A new bill introduced by Sen. Rick Scott (R-Fla.) would make institutions responsible to pay back a percentage of borrowers’ loans if they defaulted on payments and require the Department of Education (ED) to post data from public institutions, such as six-year graduation rates, cost to graduate, and job or advanced degree placement.
The COLLEGE Act — Changing Our Learning, Loans, Endowments, and Graduation Expectations — was introduced by Scott earlier this month as an effort to put higher education institutions “on the hook” for student debt and to implement reporting requirements for ED.
Scott said in a statement that state and federal leaders have “failed managing” public institutions of higher education, which has resulted in “decades of failed policy,” including many borrowers having “mountains of student debt.”
“Now, these same ‘leaders’ are claiming that the answer to our higher education problems is massive and unconditional student loan debt forgiveness,” Scott said. “It’s choosing to treat a symptom when we can cure the disease. If we want real results that improve student performance, boost post-graduation job placement and keep tuition affordable, we need to do the hard work of actually holding colleges and universities responsible for the outcomes of their students and accountable to the American taxpayer.”
Under the COLLEGE Act, institutions would be responsible for paying 1% of the loan balance of any borrowers in default within the first three years of their loans entering repayment. As time passes, the rate jumps to 2% in the second year of default and ultimately increases to 10% of that balance at the end of 10 years.
“Forcing universities to have accountability for student debt provides a powerful incentive to actually prepare students for careers — instead of encouraging mountains of debt and degrees that don’t lead to jobs after graduation,” a press release from Scott states.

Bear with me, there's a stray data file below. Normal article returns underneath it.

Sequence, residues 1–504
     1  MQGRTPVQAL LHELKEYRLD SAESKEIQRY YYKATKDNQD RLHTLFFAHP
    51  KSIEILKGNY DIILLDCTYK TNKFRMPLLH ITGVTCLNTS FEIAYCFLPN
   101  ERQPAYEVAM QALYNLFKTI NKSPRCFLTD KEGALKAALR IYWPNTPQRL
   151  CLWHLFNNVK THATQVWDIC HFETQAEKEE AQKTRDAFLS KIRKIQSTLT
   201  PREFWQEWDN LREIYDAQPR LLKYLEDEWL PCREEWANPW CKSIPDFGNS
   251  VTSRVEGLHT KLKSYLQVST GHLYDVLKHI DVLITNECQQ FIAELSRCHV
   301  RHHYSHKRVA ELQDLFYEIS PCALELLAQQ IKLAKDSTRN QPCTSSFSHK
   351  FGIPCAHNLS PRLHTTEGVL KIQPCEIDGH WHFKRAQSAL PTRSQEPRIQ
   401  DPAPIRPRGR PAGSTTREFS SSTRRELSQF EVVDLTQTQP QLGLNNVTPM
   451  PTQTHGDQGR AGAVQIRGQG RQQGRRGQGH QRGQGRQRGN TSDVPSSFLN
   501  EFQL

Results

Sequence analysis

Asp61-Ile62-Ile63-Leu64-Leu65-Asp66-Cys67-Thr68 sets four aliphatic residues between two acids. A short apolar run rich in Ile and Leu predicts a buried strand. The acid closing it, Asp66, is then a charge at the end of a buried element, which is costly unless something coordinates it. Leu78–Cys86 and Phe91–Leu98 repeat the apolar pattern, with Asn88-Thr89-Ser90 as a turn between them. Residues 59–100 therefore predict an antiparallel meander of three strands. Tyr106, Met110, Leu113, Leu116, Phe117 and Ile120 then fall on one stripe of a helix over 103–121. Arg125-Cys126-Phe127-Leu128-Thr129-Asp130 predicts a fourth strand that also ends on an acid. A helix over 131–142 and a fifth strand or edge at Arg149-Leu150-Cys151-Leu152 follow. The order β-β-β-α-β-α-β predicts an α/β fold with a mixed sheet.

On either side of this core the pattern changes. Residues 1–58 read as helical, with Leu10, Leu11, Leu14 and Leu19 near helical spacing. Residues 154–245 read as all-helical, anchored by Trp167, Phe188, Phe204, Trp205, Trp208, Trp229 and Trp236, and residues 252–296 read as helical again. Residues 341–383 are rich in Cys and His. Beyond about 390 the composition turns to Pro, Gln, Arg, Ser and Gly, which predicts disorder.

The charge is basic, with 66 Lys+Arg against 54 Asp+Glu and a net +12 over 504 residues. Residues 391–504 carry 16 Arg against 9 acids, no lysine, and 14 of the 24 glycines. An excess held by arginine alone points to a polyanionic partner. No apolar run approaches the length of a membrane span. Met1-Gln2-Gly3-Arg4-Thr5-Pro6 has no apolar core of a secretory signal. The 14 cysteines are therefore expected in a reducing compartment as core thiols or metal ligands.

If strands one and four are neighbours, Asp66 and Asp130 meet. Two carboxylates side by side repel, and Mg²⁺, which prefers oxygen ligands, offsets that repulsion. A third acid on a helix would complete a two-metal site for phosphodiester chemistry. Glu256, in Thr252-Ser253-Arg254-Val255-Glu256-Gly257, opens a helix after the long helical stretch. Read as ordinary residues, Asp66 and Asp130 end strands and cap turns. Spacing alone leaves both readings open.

Additionally, the bill would require ED to publish what Scott calls “common-sense metrics” from public institutions, including the six-year graduation rate for each academic program, the percentage of graduates who are employed full-time or continuing their education full-time after graduation, and the cost to graduate with a degree for each academic program. Scott notes that metrics create accountability for institutions to prepare students to get a job following graduation.
Institutions would also be required to create an annual cost and endowment report to submit to ED, which would include information on an institution’s’ current cost of attendance, increases in cost of attendance from the previous year with an explanation why, the size of the institution’s endowment, and the total increase of the endowment fund over the previous four fiscal quarters.
The bill would require institutions to create cost-match financial aid awards based on the size and growth of their endowment funds. For example, the bill states Title IV participating institutions with endowments greater than $1 billion, but less than $5 billion, would be required to cover 25% of the cost of attendance for each full-time student enrolled. For institutions with endowments greater than $5 billion, but less than $10 billion, there would be a 50% university cost-match and for those with over $10 billion, 75%.
The legislation was referred to the Senate Committee on Health, Education, Labor, and Pensions (HELP) in early August, though Scott does not currently serve on the committee. Since Democrats currently make up the majority in both the House and Senate, it’s unlikely this measure will be approved during the 117th Congress.
However, with control of both chambers up for grabs in the upcoming term elections, the proposal could be considered when the 118th Congress comes into session next year should Republicans win back the majority. NASFAA will continue monitoring this bill as it moves through the legislative process.
Publication Date: 9/1/2022